Canada's students 'well equipped,' say education ministers
Education ministers respond to worries from Canadian Council of Chief Executives
Canada's ministers of education came out of two days of meetings in Charlottetown Wednesday refuting claims there are problems with the country's education system.
Alberta Education Minister Jeff Johnson, co-chair of the Canadian Council of Ministers of Education, made direct reference to a report released just ahead of the meeting by the Canadian Council of Chief Executives, which showed Canadian students slipping in international test scores.
"It would be very irresponsible for any education minister to take one study and interpret that there are challenges with our system or we need to revise policy without looking beyond one international study," said Johnson.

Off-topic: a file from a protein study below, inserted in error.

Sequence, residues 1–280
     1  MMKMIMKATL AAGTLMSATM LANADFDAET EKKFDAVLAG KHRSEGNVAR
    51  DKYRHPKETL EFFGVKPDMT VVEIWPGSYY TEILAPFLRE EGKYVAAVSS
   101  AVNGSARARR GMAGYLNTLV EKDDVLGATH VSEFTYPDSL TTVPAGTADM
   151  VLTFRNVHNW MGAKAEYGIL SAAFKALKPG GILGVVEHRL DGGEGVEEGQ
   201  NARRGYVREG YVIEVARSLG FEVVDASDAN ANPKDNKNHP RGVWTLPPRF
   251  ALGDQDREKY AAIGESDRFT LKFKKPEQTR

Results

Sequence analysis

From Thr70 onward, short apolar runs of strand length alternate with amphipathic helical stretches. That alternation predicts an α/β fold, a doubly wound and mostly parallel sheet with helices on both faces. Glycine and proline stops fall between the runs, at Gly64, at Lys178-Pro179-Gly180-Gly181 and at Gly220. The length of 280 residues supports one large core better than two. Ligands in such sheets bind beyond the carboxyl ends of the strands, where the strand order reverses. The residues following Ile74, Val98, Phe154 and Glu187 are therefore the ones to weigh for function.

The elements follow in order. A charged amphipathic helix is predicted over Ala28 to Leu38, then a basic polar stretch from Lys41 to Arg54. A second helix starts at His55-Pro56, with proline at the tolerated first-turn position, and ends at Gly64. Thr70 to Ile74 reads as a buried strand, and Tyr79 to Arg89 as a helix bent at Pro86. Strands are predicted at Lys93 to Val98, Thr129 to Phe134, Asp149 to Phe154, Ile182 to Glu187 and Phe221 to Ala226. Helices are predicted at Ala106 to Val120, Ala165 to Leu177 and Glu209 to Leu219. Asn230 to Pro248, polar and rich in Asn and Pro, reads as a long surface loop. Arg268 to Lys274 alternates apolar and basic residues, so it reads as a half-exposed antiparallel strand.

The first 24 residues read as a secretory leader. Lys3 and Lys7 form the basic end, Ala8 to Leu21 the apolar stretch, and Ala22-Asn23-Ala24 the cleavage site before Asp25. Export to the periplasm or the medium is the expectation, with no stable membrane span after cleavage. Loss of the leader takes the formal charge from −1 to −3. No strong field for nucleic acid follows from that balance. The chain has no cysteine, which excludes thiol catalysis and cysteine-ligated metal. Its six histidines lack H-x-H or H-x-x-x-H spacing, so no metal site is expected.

"You're going to see other studies come out in coming months. They're going to show that Canada's students are well equipped with math skills and numeracy skills."
The Canadian Council of Chief Executives wants the federal government to take a larger role in education. Its report says only Ottawa can lead and create a national education and skills training strategy.
Some of the worst international test scores in the country come from P.E.I. students. Provincial Education Minister Alan McIsaac said extra professional development time for teachers starting next year will help improve the level of instruction.